11. ^ a b Graham Cawthon. "WWF Show Results 1990". Retrieved 3 April 2007. December 27, 1990: WWF Tag Team Champions Bret Hart & Jim Neidhart defeated Paul Roma & Hercules 
  12. ^ "WWF WrestleMania Results (VII)". Retrieved 3 April 2007. 
  13. ^ "WWF SummerSlam Results (1991)". Retrieved 3 April 2007. 
  14. ^ "WWF UK Tour results (WWF at Royal Albert Hall)". Retrieved 3 April 2007. 
  15. ^ a b c d e Royal Duncan & Gary Will (2006). Wrestling Title Histories (4th ed.). Archeus Communications. ISBN 0-9698161-5-4. 
  16. ^ "WCW Starrcade Results (1993)". Retrieved 7 April 2007. 
  17. ^ "WCW Clash of the Champions Results (XXVI)". Retrieved 7 April 2007. 
  18. ^ "WCW Bash at the Beach Results (1994)". Retrieved 7 April 2007. 
  19. ^ Mick Foley (2000). Have A Nice Day: A Tale of Blood and Sweatsocks. HarperCollins. p. 277. ISBN 0-06-103101-1. 
  20. ^ "WCW Fall Brawl Results (1994)". Retrieved 7 April 2007. 
  21. ^ "WCW SuperBrawl Results (V)". Retrieved 7 April 2007. 
  22. ^ Graham Cawthon. "WWF Show Results 1998". Retrieved 7 April 2007. December 30, 1997: Alex & Paul Roma defeated Ross Greenburg & Brian Walsh 
  23. ^ a b Solie's Vintage Wrestling. "IAW Heavyweight Title History". Retrieved 7 April 2007. 
  24. ^ BoxRec. "Paul Roma (Boxing Record)". Retrieved 3 April 2007. 
  25. ^ BoxRec. "Jerry Arentzen (Boxing Record)". Retrieved 3 April 2007. 
  26. ^ BoxRec. "Norman Fortini (Boxing Record)". Retrieved 3 April 2007. 
  27. ^ BoxRec. "Norman Shrink (Boxing Record)". Retrieved 3 April 2007. 
  28. ^
  29. ^!about/c1et
  30. ^ a b "Finishing Moves List". Other Arena. Retrieved 2011-02-19. 
  31. ^ "1988 WWF results". The History of WWE. Retrieved 2011-02-20. WWF @ Wheeling, WV - Civic Center - August 3, 1988 - Paul Roma pinned Barry Horowitz at 3:52 with a missile dropkick; WWF @ Boston, MA - Boston Garden - September 10, 1988 - Paul Roma pinned Danny Davis at 7:59 with a missile dropkick; WWF @ Indianapolis, IN - Market Square Arena - September 13, 1988 - Paul Roma & Jim Powers defeated the Conquistadors at 10:57 when Roma scored the pin with a missile dropkick as Powers held the Conquistador in the air; WWF @ Louisville, KY - Louisville Gardens - September 14, 1988 - Paul Roma & Jim Powers defeated Sandy Beach & Iron Mike Sharpe at 2:21 when Roma pinned Sharpe with a missile dropkick as Powers held Sharpe in the air; WWF @ Baltimore, MD - Arena - October 25, 1988 - Paul Roma & Jim Powers defeated Bubba Kirk & Max McGiver at 1:10 when Roma pinned Kirk following a missile dropkick as Powers held Kirk in the air 
  32. ^ "1989 WWF results". The History of WWE. Retrieved 2011-02-20. WWF @ Philadelphia, PA - Spectrum - January 14, 1989 - Paul Roma pinned Iron Mike Sharpe at 3:48 with a missile dropkick; WWF @ New York City, NY - Madison Square Garden - March 18, 1989 - aul Roma & Jim Powers defeated the Conquistadors at 13:19 when Roma scored the pin with a missile dropkick; WWF @ Boston, MA - Boston Garden - March 18, 1989 - Paul Roma & Jim Powers defeated the Conquistadors at 14:56 when Roma scored the pin with a missile dropkick; WWF @ Toronto, Ontario - Maple Leaf Gardens - April 23, 1989 - Paul Roma pinned Boris Zhukov at 11:33 with a missile dropkick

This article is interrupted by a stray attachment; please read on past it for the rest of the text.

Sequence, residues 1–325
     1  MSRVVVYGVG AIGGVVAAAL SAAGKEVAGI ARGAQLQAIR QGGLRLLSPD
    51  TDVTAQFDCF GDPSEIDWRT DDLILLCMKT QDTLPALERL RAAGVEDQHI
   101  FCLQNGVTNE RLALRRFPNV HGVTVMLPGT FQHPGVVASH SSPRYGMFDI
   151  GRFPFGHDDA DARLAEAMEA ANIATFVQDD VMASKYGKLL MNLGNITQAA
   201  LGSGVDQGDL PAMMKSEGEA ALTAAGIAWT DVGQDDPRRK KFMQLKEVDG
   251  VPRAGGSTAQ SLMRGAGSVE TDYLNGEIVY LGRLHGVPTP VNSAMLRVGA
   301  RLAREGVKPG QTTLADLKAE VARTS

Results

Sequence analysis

33. ^ "1986 WWF results". The History of WWE. Retrieved 2011-02-20. WWF @ Poughkeepsie, NY - Mid-Hudson Civic Center - Paul Roma pinned Jerry Adams at 2:53 with the powerslam; WWF @ Poughkeepsie, NY - Mid-Hudson Civic Center - June 3, 1986 - Paul Roma & SD Jones defeated Bob Callow & Jack Kruger at 3:07 when Roma pinned Callow with a powerslam; WWF @ Toronto, Ontario - Maple Leaf Gardens - November 16, 1986 - Paul Roma pinned Steve Lombardi with a powerslam at 7:04; WWF @ Tucson, AZ - Community Center - December 10, 1986 - Paul Roma pinned Jack Kruger at 3:52 with a powerslam 
  34. ^ "1987 WWF results". The History of WWE. Retrieved 2011-02-20. WWF @ Toronto, Ontario - Maple Leaf Gardens - January 11, 1987 - Paul Roma pinned Barry O at 6:28 with a powerslam; WWF @ New York City, NY - Madison Square Garden - February 23, 1987 - Paul Roma pinned Salvatore Bellomo at 12:23 with a powerslam; WWF @ Rockford, IL - Metro Centre - September 16, 1987 - Jim Powers & Paul Roma defeated Rick Renslow & Dave Wagner at 3:39 when Roma pinned Renslow with a powerslam 
  35. ^ CageMatch. "Power and Glory Profile". Retrieved 2011-02-19. 
  36. ^ Online World of Wrestling. "Power and Glory Profile". Retrieved 2011-02-19. 
  37. ^ "CWA World Middleweight Championship". Retrieved May 18, 2015. 

External links[edit]